Indian Defence Minister Rajnath Singh, right, shakes hand with his Russian counterpart Sergey Shoygu in New Delhi, India, Monday, Dec. 6, 2021. House lawmakers on Wednesday, March 9, 2022, questioned India’s readiness to partner with the U.S. against China due to its longstanding ties with Russia

WASHINGTON — As the U.S. works to deepen relationships in the Indo-Pacific region, some House lawmakers on Wednesday questioned India’s readiness to partner with the U.S. against China due to its longstanding ties with Russia.

India’s decision to abstain from last week’s vote at the U.N. on a resolution condemning Russia’s invasion of Ukraine worried some lawmakers who said the U.S. will need to foster strong cooperation with India and other countries in the region to counter a rapidly modernizing Chinese military.

“It’s shocking that such a great country has abstained on the issue of the mass murder in Ukraine,” said Rep. Joe Wilson, R-S.C. “It just seems so unnatural. The relationship with the Prime Minister Narendra Modi should be with the United States, not in any way associated with the megalomaniac [Russian President Vladimir] Putin.”

Britain’s foreign minister Liz Truss linked India’s abstention in the U.N. to its economic and security dependence on Russia, which has long supplied India with the majority of its weapons, according to a Reuters report.

A Pentagon official testifying before the House Armed Services Committee on Tuesday assured lawmakers that India is diversifying its arms purchases away from Russia and is “moving in the right direction.”

“From the U.S. perspective, India is absolutely an essential partner,” said Ely Ratner, assistant secretary of defence for Indo-Pacific security affairs.

India's "complicated history and relationship" with Russia poses challenges, he said, but "they are manageable.”

Rep. Ro Khanna, D-Calif., urged U.S. commanders and the Defence Department to make clear to India that the U.S. would be a better ally than Russia against Chinese aggression. When skirmishes broke out in 2020 at the Line of Actual Control, a demarcation line that separates Indian-controlled territory from Chinese-controlled territory, the U.S. provided intelligence and other support to India, according to Ratner.

“As an Indian-American, I’m perplexed why India is unwilling to condemn Putin’s unprovoked aggression into Ukraine,” Khanna said. “We really need to press India not to be as dependent on Russian defence and to be willing to condemn Putin's aggression in Ukraine, just like we would condemn Chinese aggression beyond the Line of Control.”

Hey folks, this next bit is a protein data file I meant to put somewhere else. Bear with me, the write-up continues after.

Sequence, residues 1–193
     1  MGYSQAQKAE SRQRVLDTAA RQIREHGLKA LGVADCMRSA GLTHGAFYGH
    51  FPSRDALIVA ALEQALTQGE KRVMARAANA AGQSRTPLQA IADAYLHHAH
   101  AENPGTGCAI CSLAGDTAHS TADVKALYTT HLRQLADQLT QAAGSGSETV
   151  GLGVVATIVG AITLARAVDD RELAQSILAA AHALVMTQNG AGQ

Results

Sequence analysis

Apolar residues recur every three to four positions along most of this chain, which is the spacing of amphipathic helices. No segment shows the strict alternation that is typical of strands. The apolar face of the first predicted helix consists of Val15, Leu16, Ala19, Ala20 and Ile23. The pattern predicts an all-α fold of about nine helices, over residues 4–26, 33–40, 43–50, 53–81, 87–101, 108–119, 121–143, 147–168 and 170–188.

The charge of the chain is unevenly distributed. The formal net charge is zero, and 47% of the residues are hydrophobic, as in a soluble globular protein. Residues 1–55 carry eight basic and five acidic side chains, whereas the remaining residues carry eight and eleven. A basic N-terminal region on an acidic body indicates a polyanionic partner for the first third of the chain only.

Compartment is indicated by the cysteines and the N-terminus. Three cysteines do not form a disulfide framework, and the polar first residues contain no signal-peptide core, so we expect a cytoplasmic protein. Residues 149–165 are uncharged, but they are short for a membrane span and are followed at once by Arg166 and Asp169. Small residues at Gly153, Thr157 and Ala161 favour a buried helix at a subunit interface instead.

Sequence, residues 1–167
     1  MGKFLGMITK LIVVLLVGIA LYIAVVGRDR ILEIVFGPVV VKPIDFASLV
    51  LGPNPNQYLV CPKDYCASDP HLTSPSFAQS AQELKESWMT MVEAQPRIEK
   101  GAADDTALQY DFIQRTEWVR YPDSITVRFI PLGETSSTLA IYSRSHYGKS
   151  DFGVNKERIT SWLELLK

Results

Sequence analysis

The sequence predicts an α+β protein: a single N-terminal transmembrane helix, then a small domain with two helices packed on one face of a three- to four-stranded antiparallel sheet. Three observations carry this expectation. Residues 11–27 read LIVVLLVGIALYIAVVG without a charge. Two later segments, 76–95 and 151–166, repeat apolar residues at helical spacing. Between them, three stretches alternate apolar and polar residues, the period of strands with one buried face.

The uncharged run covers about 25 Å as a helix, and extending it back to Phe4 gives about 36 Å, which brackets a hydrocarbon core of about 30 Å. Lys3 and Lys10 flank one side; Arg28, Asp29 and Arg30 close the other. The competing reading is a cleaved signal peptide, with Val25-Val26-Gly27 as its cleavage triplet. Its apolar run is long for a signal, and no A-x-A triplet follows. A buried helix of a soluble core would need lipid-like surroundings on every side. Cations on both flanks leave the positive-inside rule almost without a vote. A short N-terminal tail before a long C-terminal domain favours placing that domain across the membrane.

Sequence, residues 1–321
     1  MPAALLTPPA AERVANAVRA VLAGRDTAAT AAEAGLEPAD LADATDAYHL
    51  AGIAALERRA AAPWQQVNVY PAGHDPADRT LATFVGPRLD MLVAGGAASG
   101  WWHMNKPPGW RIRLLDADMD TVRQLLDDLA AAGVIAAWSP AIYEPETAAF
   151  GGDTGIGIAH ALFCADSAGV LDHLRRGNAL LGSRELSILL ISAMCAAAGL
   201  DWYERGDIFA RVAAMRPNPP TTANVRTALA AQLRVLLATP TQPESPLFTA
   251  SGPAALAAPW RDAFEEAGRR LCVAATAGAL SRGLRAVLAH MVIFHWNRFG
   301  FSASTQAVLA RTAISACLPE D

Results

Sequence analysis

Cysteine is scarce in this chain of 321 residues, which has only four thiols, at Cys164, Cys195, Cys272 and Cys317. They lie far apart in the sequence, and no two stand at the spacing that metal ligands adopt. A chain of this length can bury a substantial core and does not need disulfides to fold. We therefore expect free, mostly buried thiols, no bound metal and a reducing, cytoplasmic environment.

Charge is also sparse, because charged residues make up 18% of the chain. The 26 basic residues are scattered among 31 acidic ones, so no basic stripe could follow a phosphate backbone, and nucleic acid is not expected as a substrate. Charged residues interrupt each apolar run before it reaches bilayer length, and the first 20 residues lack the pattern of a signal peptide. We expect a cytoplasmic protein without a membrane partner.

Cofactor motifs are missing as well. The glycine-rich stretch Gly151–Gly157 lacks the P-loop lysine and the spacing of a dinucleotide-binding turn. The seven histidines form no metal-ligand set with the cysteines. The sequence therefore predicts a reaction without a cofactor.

As the world’s largest democracy, India is one of the most important strategic relationships for the U.S. in its quest to meet China’s rising power and counter North Korea’s missile development, Ratner said. The U.S. began fostering maritime ties with India after the Indian Ocean tsunami in 2004 and later formed an informal Indo-Pacific security group with India, Australia and Japan called the Quad.

Two U.S. commanders, Army Gen. Paul LaCamera and Adm. John Aquilino, testified Wednesday about the value of the group along with other partnerships that are bolstering U.S. security interests in the region.

The historical military alliance between the U.S. and South Korea remains a “lynchpin of regional stability” but there is concern that South Korea’s significant economic association with China could eventually drive a wedge between Seoul and Washington, LaCamera, commander of United Nations Command, Combined Forces Command and U.S. Forces Korea, told lawmakers during the hearing.

To strengthen ties with India and South Korea, the U.S. is providing space, cybersecurity and intelligence assistance to India and helping South Korea’s military with additional training, LaCamera said. The U.S. is also looking to enhance its relationships with the Philippines, Thailand and Vietnam, said Aquilino, commander of the U.S. Indo-Pacific Command.

Much of the evolving U.S. partnerships are concentrated on improving cybersecurity and establishing secure lines of communication, Ratner said. China’s penetration of networks in the region is “quite severe,” he said.

Rep. Seth Moulton, D-Mass., cautioned Pentagon officials on Wednesday that Chinese investments in artificial intelligence, quantum computing, drones and other technology could soon outmatch the capabilities of the U.S. military.

“This is the fight of the future,” he said.

The commanders on Wednesday acknowledged the Pentagon “absolutely needs to move faster” on innovation and advanced technology. Aquilino said he wants to see better integrated radar imaging systems for ballistic missile defence and asked lawmakers to support a defence system on Guam for hypersonic weapons and other threats.

“Guam’s strategic importance is difficult to overstate,” Aquilino said. “The area in the Indo-Pacific is expansive, half the globe and lot of it water. To be able to posture forces in places that matter, we have focused on Guam as a strategic hub.”

The Defence Department is also focusing on providing defence capabilities to Taiwan, a self-governing island that Beijing claims as its own, Ratner said.

Lawmakers drew comparisons between China’s ambitions to retake Taiwan and Russia’s invasion of Ukraine, a fellow former Soviet republic.

“We can easily see the China-Taiwan situation in the same way we now see the Russia-Ukraine situation,” said Rep. Adam Smith, D-Wash., chairman of the committee. “We need to constantly remind China that that is not the way global powers are supposed to behave … Having a robust U.S. presence in the region lets China know that that is not an acceptable or doable option.”